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Thursday, May 19, 2005

Taking the high road

In preparation for the interview process for a paid or volunteer position, my firefighting class held mock oral interviews in last week's class. One of the questions that was asked of us was how we dealt with racial diversity. The story that my classmate Sam, an African American man, recited in response was one of the most uplifting and encouraging tales I have heard in a long time.

While earning his degree, Sam took a college class that was centered around racial issues. One particular student, who freely admitted that he was born and raised in the South, had some markedly negative opinions about people of other races, including African Americans. The other attendees were quite ruthless with this student as a result of his declarations. He was the target of a number of verbal attacks for his views.

Sam, being a Black man, had every right and reason to be angry at this person for his intolerant opinions. He would have been completely justified in feeling resentful and contemptuous towards this student, and easily could have joined in with the others in their harsh rebuttals. Instead, one day after class, Sam approached this man with a question. He asked him,

"What do you call a Black pilot ?"

The student shrugged his shoulders and said, "I don't know".

Sam answered, "A pilot."

The student, initially stunned at the answer, hesitated. Slowly, he cracked a smile, then chuckled out loud. A pilot ! That's it ! Nothing more than a pilot, regardless of his skin color. The two broke out in hearty laughter.

This shared experience broke down the barriers between them, and opened the door to a revolution of sorts in this student's perception. Over the ensuing few weeks, the class explored the topics and issues at hand, this time with open minds and a true, honest desire to learn and to appreciate one other. After the semester was over, this student was a better person; more informed, more open, more respectful of those around him. And so was the rest of the class.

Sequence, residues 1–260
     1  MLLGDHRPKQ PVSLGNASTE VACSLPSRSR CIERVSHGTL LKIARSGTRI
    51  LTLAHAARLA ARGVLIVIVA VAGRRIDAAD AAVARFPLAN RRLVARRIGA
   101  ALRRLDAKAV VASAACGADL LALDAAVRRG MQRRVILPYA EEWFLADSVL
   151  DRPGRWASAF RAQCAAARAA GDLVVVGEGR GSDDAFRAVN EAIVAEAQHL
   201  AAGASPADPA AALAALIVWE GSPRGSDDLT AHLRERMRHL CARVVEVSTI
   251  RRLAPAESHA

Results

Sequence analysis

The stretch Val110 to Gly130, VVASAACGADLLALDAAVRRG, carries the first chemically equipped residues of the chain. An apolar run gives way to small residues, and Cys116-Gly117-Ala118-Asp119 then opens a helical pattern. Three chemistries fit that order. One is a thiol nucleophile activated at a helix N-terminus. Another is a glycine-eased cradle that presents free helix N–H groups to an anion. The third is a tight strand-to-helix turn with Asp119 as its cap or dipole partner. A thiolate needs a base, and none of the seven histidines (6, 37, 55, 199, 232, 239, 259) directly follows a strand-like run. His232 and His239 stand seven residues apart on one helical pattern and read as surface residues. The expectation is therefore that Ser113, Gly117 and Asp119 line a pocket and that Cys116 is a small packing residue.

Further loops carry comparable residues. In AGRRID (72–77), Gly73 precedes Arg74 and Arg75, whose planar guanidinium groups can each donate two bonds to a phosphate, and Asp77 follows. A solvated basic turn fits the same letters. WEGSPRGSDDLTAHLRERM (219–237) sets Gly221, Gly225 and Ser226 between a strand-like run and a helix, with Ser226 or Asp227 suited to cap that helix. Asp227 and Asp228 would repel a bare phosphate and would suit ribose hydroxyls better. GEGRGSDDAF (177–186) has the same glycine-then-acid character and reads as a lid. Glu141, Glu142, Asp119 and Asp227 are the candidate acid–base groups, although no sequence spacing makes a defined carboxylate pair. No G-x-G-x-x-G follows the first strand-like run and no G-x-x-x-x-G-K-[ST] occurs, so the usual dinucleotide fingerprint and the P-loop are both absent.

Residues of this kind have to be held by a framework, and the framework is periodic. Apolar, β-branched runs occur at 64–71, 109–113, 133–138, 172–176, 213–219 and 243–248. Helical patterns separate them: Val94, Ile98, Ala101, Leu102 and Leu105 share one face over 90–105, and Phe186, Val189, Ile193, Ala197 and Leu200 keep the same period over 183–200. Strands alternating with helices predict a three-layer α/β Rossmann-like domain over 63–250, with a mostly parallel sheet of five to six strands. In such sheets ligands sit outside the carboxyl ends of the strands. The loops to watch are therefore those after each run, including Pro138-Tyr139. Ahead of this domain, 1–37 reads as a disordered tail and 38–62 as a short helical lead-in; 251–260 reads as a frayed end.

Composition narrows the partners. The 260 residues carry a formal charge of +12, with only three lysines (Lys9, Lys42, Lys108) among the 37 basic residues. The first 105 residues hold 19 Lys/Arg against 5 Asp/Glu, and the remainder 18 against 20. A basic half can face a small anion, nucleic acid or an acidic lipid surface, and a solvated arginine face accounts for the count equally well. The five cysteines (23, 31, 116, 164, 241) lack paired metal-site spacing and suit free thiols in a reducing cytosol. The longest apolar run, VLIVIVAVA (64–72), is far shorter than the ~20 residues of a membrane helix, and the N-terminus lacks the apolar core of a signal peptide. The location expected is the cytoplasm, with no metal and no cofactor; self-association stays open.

I have always said that one can educate the ignorant, but one cannot change the mind of a bigot. I have tried, unsuccessfully, to enlighten certain people in my life about racial sensitivity and stereotyping, and have been met with nothing but backlash. When ignorance is coupled with stubborn superiority, haughty arrogance, and complete unwillingness to accept anything that deviates even slightly from one's own opinions, any contrary statements are likely to fall on deaf ears.

However, in this case, the student in question was prepared to explore views that did not necessarily match with those he had grown up with. This was evident in the fact that he took the initiative to sign up for the class. His openness to new ideas, and willingness to discuss the issues, were the key to his new appreciation of diversity.

By being the bigger person, Sam helped build a culture of respect and fairness amongst his classmates. It would have been so easy for him to succumb to the primal, human instinct for revenge. Instead, he rose above the intolerance, and encouraged, in a positive way, a revolution in this student's mind. This in turn opened the door to a newfound understanding for all those who attended the class.

In this society, infused with pride, arrogance and retribution, taking the high road is a difficult thing to do. But in some cases, like this one, it is the best thing to do.

It is people like Sam who truly make this world a better place - one human being at a time.

1 Comments:

Blogger Julie said...

What a great story. Sam sounds like an amazing man. We need more people like that in this world.

May 20, 2005 at 6:04:00 AM PDT  

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